I’m sure this isn’t the first time you’ve read about Jordan Love this week. By my count, it’s the third article on this website alone. But overreaction is exciting for fans. When teams play well, fans think they’re gonna win the Super Bowl. When they put up 9 points against the worst defense in history, it’s time to start thinking about the future. So, let’s dig into why Jordan love should get his chance over the rest of the season.
It’s no secret that Rodgers isn’t playing well. His advanced stats are even worse than late-era McCarthy (which forced the team to draft Love in the first place) and it’s no surprise why. Rodgers is playing the same way he was then. Off-schedule, holding the ball, missing open targets because he’s focused on his favorites. But now, he’s doing it as a 38-year-old who has a thumb injury and not as the most talented passer in the league.
Rodgers’ game is built on reading the opposing defense and using his chemistry with receivers to exploit that defense’s weakness. That works out pretty well when defenses are running static schemes and Davante Adams lives in the central time zone.
Now, disguising the defense is in vogue and there are no superstar receivers to exploit the defense based on a wink from Rodgers.
The obvious solution is to run the damn offense. Good offenses use misdirection, planning, and play sequencing to scheme players open. The 49ers do it, the Rams did it, even the Falcons (possibly the only team with worse players at every position level than the Packers) do it. Rodgers won’t.
Love may never have the supernatural ability to read the defense and make changes at the line that Rodgers had. Not many do. But he’s a young QB who can make plays with his legs, make any throw you want, and, most importantly, can play on schedule.
Allow LaFleur the week to gameplan for each opposing defense, using different personnel sets, the run game, and misdirection to get receivers open and they’ll be open. Hell, they’re open now. Rodgers just isn’t hitting them.
With Love, we may also get different types of RPOs. Right now, the RPO game is “run solutions”. This basically means when Rodgers hasn’t thrown the ball in a while, he’ll pull it and rip it out to a receiver while AJ Dillon walks into the end zone without the ball.
With Love, you can get a form of the modern triple option. Read the end man of the line of scrimmage to decide whether Love should keep it or hand it to the running back, and then read the conflict defender in the hook zone to decide whether to throw to a receiver or run.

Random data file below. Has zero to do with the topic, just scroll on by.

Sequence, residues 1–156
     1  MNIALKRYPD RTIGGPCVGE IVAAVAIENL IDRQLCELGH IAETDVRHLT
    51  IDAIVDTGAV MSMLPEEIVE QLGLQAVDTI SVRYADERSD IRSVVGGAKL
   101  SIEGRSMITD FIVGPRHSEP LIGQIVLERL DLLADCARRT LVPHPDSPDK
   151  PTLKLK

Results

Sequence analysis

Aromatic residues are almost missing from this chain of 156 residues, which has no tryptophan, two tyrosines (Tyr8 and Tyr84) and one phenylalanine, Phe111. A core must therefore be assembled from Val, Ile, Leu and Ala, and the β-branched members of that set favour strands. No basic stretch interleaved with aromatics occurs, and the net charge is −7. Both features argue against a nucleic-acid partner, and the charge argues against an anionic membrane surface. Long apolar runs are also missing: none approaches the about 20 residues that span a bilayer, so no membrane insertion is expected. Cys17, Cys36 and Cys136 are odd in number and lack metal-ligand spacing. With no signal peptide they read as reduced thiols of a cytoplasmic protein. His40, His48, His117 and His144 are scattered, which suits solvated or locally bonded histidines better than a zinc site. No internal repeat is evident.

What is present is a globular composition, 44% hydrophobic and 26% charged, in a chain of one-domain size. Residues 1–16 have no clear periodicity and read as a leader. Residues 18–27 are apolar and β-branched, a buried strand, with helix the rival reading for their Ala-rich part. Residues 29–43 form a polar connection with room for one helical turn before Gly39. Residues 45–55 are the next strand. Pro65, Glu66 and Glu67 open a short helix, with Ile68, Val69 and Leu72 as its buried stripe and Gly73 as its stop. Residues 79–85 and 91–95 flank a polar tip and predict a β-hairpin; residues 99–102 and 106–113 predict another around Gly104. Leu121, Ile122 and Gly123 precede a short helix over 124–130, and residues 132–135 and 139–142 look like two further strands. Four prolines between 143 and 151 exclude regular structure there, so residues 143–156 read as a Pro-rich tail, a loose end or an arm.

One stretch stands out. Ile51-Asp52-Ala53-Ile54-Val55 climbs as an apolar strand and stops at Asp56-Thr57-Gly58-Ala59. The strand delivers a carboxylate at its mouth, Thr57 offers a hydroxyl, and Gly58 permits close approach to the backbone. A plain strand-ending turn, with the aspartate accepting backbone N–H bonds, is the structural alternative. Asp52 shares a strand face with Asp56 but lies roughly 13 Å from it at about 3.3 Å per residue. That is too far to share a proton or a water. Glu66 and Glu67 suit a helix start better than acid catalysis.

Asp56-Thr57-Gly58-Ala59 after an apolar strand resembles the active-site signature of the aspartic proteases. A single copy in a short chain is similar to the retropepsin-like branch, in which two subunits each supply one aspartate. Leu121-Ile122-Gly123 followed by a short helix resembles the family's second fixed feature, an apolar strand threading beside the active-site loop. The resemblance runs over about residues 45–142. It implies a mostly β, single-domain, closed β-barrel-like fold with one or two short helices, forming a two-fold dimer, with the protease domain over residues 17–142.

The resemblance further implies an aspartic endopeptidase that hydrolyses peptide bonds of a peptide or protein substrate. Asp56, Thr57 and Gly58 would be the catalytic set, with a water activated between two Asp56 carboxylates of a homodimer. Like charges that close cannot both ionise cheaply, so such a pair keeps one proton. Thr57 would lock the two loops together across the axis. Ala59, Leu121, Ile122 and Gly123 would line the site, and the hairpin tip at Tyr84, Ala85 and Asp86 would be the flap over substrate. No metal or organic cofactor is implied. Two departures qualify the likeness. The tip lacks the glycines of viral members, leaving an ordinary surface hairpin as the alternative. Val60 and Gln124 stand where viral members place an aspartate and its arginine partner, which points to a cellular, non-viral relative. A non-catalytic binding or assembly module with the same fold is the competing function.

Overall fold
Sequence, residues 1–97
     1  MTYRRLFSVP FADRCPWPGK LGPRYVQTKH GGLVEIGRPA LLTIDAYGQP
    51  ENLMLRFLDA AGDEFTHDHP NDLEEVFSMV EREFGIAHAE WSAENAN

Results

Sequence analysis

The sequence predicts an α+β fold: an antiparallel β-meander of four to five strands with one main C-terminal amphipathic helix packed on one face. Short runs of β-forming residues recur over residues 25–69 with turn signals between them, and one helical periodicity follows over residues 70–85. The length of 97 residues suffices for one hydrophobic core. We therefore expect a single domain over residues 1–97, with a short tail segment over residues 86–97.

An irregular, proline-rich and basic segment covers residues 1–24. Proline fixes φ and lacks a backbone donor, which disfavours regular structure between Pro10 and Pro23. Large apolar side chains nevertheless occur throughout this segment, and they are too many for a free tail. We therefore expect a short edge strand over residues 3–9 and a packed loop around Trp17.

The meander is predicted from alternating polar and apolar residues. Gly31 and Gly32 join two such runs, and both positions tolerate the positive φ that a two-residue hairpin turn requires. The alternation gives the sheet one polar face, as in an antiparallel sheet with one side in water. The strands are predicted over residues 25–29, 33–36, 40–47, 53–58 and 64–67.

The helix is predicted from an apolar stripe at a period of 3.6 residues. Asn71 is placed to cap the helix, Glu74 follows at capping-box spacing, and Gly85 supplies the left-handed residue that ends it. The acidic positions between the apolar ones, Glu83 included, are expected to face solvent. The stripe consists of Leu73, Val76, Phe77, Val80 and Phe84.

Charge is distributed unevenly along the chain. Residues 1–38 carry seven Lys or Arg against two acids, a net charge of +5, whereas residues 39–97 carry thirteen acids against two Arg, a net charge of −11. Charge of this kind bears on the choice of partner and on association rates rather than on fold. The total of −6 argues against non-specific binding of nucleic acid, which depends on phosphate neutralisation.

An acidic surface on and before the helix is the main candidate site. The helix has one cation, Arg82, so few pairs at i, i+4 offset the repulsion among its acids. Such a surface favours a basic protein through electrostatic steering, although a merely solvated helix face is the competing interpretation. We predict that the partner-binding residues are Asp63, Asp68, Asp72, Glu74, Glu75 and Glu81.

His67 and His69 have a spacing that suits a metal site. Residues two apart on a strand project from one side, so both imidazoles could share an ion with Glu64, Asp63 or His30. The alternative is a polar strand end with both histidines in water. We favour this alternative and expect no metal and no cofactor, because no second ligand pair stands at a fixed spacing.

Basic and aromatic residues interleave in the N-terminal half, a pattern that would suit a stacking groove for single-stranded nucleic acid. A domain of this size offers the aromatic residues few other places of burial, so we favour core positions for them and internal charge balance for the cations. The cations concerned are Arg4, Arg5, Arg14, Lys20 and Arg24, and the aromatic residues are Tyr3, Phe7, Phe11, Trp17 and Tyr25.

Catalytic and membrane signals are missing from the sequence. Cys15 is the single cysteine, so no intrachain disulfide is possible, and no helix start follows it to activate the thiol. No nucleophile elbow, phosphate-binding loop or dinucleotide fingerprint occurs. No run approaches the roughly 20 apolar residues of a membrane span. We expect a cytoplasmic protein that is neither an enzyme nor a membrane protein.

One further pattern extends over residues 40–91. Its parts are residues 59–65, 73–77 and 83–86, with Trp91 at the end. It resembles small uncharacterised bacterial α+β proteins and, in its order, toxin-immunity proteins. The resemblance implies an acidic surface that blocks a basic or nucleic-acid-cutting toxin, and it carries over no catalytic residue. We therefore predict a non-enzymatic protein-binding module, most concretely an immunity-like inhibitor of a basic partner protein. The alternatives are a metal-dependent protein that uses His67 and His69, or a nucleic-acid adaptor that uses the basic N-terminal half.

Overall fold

The Packers have done a little of this already, you may remember Rodgers giving on a keep read against the Vikings when Za’Darius Smith stopped a goal line run, Rodgers just doesn’t or can’t keep it, so defenses just made that the read every time. Do that to Jordan Love and he may get a quick first down.
It’s possible, though admittedly unlikely, that Jordan Love is a better QB option for the team right now, and we’ve made that case, but it might not even matter. At this point, it would take a run-the-table-like end to the season to get the Packers into the playoffs (just so that they can get murdered on national television), so why bother trying to win, let’s get some young players on tape.
If Love starts and the team ends the season with a top 5 pick because he sucks, that’s great they’ll need one for a new QB.
If Love starts, and plays fine, and Rodgers doesn’t want to retire, then the team may have more leverage trading him to build assets for some actual weapons on offense.
If the football gods decide that 30 straight years of hall of fame QB play isn’t enough and Love actually plays really well, then that’s the most fun possible way the rest of the season can go.
Mike Price is a lifelong Packers fan currently living in Utah. You can follow him on twitter at @themikeprice.
More Packers News
Can the Packers Sign Free Agents?
The Packers are in a terrible salary cap situation. After the inevitable Aaron Rodgers trade, ...read more
Will the Packers Draft a Small Receiver?
The Packers draft strategy in the Ted Thompson/Brian Gutekunst era, and especially in the Brian ...read more